You said it was for the show...


A contrite Richard Heene, whose plan for fame went awry after he and his wife falsely reported that their son was drifting over eastern Colorado in a balloon, apologized Wednesday to a judge.

“I’m very, very sorry. And I want to apologize to all the rescue workers out there and the people who got involved in the community. That’s it,” Heene said quietly at his sentencing.

His wife, Mayumi, sat quietly and declined to speak.

Larimer County Judge Stephen Schapanski, who chose to adhere to a plea agreement, sentenced Richard Heene to 90 days in custody, to begin January 11. Heene can spend the last 60 days of the sentence in a work release program but must return to the jail at night, the judge said.

Heene will be on probation for four years and must complete 100 hours of community service each year during that period.

Mayumi Heene was sentenced to 20 days in jail — less than the 60 days sought by prosecutors. The judge said her term would begin after her husband’s jail sentence ends, so at least one of them can be with their children during that time.

She was given the option of serving her time over 10 weekends. She also received four years’ probation and must perform 120 hours of community service.

The couple also must pay restitution, but no exact amount was announced in court. The judge ordered that they not benefit financially from the incident.

Prosecutor Andrew Lewis outlined for the court episodes that demonstrate the extensive planning he said occurred before the October 15 balloon flight, which was aimed at generating publicity for the couple, who sought a reality TV show.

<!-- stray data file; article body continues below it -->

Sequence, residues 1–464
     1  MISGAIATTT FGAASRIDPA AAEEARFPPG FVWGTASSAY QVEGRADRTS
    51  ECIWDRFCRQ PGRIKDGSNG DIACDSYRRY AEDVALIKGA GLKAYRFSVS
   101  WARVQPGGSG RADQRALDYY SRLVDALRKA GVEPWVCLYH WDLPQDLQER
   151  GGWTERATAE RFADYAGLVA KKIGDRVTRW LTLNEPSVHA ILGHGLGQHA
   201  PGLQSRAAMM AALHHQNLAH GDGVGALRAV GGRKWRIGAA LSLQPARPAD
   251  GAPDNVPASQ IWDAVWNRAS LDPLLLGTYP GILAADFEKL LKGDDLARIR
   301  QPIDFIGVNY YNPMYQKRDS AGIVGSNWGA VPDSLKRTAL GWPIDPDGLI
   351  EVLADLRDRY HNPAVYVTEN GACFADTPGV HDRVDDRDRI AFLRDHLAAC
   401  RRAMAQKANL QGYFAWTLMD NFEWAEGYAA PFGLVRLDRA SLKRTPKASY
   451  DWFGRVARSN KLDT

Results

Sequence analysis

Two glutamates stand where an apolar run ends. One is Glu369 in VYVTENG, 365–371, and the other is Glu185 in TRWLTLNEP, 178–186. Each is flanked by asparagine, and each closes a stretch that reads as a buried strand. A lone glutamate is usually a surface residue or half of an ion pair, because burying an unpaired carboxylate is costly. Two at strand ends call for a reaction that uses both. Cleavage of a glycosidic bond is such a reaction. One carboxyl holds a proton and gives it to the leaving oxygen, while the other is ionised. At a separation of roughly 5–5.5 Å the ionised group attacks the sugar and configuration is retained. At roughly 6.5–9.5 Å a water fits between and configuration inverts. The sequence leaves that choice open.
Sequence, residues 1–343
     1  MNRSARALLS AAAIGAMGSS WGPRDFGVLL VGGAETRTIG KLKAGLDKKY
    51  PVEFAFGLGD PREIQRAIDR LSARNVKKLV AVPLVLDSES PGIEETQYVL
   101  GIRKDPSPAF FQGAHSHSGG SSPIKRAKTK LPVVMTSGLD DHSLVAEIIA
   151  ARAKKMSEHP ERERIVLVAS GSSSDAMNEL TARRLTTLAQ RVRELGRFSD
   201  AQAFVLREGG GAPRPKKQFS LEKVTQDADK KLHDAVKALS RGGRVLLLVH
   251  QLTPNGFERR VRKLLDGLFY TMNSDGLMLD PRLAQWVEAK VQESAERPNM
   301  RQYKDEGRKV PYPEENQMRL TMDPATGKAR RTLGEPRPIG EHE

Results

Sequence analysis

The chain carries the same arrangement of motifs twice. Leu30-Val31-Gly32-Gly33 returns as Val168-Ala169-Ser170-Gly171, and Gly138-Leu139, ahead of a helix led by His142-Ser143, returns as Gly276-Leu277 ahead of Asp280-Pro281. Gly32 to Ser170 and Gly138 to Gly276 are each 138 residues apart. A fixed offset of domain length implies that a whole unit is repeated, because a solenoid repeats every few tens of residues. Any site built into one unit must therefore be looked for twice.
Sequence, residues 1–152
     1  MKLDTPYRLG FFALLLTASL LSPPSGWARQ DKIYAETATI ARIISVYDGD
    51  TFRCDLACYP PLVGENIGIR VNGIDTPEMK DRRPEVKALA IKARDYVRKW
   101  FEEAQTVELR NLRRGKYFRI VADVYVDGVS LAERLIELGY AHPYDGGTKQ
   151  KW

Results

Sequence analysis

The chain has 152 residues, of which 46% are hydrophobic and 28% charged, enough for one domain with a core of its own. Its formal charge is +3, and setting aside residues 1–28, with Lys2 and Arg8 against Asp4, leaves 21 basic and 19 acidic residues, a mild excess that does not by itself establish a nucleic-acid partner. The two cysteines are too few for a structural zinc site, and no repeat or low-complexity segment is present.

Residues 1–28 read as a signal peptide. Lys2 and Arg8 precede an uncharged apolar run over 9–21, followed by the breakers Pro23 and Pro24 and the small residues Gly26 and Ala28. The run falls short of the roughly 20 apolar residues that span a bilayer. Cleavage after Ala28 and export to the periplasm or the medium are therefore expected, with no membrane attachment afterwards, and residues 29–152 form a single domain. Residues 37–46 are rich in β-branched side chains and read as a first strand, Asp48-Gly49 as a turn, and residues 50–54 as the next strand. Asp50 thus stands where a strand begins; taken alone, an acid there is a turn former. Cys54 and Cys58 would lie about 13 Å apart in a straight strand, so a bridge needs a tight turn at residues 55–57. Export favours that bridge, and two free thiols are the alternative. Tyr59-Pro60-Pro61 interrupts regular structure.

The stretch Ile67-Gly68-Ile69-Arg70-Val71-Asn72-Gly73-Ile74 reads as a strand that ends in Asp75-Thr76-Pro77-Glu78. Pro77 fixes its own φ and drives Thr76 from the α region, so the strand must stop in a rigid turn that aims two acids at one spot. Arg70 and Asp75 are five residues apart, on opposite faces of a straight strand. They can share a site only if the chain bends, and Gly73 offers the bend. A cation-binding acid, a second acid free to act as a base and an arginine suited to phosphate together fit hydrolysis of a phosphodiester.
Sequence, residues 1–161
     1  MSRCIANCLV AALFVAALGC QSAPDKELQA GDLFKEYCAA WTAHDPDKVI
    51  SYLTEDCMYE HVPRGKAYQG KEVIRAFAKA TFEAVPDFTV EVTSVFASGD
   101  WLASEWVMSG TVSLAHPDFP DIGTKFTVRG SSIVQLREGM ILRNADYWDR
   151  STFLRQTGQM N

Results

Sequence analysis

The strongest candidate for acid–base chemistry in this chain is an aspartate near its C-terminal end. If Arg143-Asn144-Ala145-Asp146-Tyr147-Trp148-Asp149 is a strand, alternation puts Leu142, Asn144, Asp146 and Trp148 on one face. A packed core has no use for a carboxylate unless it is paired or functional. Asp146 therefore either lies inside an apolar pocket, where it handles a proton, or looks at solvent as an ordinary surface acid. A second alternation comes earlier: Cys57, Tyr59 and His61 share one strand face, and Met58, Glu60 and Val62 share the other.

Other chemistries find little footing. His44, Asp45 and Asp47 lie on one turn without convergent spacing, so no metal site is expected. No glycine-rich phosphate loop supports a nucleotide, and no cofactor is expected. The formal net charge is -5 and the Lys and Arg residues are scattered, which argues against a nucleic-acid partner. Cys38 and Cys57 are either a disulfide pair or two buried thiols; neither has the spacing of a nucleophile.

“One of those episodes had to do with filling up a weather balloon with helium that looked like a flying saucer and making it move through electric charges,” Lewis said. The episodes were discovered when authorities searched the Heenes’ home.

Lewis said that a few weeks before the incident, the Heenes were told that no one was showing interest in their program proposal. He added that the couple was having trouble paying their bills.

Once the balloon was aloft, Richard Heene called the Federal Aviation Administration twice and a television station, Lewis said. Heene told everyone that his 6-year-old son, Falcon, was aboard the balloon.

Multiple agencies, among them the National Guard, sheriff’s and fire departments, and the U.S. Forest Service, swarmed over the area to track the balloon.

The Larimer County Sheriff’s Department tallied the cost, including the hours spent on the investigation, to be at least $47,000. In addition, the FAA plans to impose an $11,000 fine.

According to the judge, traffic at Denver International Airport was delayed during the incident. The balloon landed about 15 miles east of there, Schapanski said. The child was not found on the balloon; he came out of hiding at his parents’ home several hours later.

Meanwhile, TV viewers were “transfixed” by the saga, he said. “This clearly was a planned event.”

“In summary, what this case is about is deception — exploitation of the children of the Heenes, exploitation of the media, exploitation of the emotions of the people — and it’s about money. This was all done for the purpose of making money,” Schapanski said.

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